Through common curricular requirements, our students engage intellectually, integrate knowledge and essential skills, expand their curiosities, and embrace learning and service as lifelong commitments.
Over their four undergraduate years, students encounter topics that arise from the arts, humanities, sciences, and religion; develop thoughtful responses to ethical questions; and seek to understand their political and social responsibilities as citizens in an interconnected world.
Part I: Core Curriculum Proficiencies
Students develop competencies in the following areas to prepare them for careers and citizenry:
• Computer technology
• Foreign language
• Oral communication
• Written communication
• Critical thinking
• Ethical reasoning
• Quantitative literacy & reasoning
Part II: Core Course Requirements
Transitions: The first-year course to help students adjust to living and learning in the academic community.
Foundations: A second-year course that explores historical and contemporary understandings of the human condition, “ways of knowing,” and ethics.
Lifetime Wellness: A one-hour course designed to promote a healthy lifestyle, along with two physical activity courses.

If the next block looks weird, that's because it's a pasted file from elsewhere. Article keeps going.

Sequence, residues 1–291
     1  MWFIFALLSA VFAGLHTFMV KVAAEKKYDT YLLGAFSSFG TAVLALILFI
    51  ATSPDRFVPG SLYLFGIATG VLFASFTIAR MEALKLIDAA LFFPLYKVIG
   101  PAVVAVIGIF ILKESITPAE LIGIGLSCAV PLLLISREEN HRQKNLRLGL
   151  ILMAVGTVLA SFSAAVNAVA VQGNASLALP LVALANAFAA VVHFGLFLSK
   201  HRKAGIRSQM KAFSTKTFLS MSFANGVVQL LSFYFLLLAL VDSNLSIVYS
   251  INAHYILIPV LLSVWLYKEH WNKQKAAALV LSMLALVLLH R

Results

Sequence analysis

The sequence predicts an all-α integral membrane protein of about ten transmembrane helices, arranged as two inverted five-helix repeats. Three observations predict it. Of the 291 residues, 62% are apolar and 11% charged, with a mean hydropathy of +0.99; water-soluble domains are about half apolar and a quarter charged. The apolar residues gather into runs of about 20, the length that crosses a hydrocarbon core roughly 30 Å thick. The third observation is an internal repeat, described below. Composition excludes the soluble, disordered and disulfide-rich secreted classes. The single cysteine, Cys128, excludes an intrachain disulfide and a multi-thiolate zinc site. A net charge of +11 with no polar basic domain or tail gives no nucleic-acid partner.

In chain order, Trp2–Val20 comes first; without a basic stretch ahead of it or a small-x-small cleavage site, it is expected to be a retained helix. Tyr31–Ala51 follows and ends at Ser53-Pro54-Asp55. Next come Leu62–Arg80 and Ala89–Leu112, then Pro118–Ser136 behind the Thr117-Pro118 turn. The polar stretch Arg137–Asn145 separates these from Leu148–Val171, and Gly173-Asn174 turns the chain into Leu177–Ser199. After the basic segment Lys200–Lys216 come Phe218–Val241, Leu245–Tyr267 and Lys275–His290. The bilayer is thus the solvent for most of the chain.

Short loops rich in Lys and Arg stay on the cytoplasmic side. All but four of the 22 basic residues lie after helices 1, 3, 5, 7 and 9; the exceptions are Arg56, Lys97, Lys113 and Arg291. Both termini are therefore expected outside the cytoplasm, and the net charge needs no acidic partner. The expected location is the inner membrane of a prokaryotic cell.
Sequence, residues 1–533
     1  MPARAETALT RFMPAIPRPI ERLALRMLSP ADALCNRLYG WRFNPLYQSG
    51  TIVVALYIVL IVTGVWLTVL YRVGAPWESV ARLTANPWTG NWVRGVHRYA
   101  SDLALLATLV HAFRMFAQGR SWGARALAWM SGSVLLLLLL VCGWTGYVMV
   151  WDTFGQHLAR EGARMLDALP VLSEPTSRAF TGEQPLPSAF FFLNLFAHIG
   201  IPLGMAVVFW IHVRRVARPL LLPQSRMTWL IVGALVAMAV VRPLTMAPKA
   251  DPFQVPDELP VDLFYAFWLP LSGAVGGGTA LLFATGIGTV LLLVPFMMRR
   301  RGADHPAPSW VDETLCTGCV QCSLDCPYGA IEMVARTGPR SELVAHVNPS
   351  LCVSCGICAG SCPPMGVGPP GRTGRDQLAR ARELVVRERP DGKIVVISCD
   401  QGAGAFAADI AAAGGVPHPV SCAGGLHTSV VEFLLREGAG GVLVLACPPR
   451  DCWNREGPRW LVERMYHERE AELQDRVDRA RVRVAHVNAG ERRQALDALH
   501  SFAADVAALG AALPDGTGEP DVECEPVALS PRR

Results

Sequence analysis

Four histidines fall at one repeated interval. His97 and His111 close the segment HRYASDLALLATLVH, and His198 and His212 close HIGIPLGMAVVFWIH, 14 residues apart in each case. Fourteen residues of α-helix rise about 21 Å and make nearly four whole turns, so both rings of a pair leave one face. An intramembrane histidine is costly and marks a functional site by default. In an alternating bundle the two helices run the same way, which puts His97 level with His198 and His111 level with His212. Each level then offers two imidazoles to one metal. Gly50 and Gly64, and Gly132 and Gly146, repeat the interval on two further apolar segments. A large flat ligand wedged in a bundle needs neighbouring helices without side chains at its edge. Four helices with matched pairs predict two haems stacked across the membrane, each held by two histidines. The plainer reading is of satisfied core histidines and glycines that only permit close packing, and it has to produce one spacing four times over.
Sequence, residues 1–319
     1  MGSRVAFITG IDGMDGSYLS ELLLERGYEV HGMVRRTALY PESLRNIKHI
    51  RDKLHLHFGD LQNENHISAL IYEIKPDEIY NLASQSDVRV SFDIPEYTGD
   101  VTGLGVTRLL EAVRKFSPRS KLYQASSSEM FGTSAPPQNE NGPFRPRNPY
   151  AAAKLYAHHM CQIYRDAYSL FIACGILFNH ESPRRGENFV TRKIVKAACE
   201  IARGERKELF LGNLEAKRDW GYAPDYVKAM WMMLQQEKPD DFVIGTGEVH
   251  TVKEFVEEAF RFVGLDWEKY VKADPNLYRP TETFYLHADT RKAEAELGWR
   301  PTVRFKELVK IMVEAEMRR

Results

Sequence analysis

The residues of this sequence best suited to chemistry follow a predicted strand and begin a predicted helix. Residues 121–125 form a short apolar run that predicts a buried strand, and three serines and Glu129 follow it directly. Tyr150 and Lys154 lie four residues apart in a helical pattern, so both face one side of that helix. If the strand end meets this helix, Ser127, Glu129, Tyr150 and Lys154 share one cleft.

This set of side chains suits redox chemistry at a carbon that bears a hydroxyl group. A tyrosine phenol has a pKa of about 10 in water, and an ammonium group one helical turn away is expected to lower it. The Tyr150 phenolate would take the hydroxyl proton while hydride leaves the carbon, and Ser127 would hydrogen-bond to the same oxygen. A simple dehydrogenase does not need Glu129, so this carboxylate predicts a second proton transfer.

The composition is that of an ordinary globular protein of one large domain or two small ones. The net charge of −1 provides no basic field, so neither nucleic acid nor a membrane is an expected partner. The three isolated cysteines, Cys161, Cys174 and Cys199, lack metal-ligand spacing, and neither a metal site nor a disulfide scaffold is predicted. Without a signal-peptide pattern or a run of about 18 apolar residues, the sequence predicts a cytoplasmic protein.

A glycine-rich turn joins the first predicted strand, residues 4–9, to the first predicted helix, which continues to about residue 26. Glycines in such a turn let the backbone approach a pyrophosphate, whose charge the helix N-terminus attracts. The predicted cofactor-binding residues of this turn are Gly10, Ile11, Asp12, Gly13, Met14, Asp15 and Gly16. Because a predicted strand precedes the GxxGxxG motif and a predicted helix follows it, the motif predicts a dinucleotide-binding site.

Great Works in Context: A third-year course that immerses students in a multidisciplinary study to understand how literary and/or artistic ideas influence society.
Religion: Each student selects from various courses to gain a better understanding of the importance of religious beliefs and practices to the lives of people all over the world.
Emory Abroad: Students select an international experience, from a semester abroad to a short trip experience tied to a single course.
Connections: A senior capstone course with students from multiple majors who study a broad public problem with an emphasis on local, regional, and global institutions.
Part III: Modes of Inquiry
Students choose one course in each of the four areas to create a broad, interdisciplinary foundation.
1. Understanding the Individual and Society: Courses to analyze and explain the how people interact with the communities around them.
2. Understanding the Natural World: Courses to apply scientific methodology to natural phenomena.
3. Artistic Expression: Courses to develop the creative process through aesthetic expression.
4. Interpreting Texts: Courses to analyze and interpret texts such as literature, historical documents, and art.